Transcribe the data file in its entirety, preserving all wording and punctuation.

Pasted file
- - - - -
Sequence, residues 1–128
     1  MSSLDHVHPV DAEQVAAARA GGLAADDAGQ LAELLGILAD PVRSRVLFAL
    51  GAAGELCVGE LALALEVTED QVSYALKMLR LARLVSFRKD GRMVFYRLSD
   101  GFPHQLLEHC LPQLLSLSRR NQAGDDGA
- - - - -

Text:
Sequence, residues 1–128
     1  MSSLDHVHPV DAEQVAAARA GGLAADDAGQ LAELLGILAD PVRSRVLFAL
    51  GAAGELCVGE LALALEVTED QVSYALKMLR LARLVSFRKD GRMVFYRLSD
   101  GFPHQLLEHC LPQLLSLSRR NQAGDDGA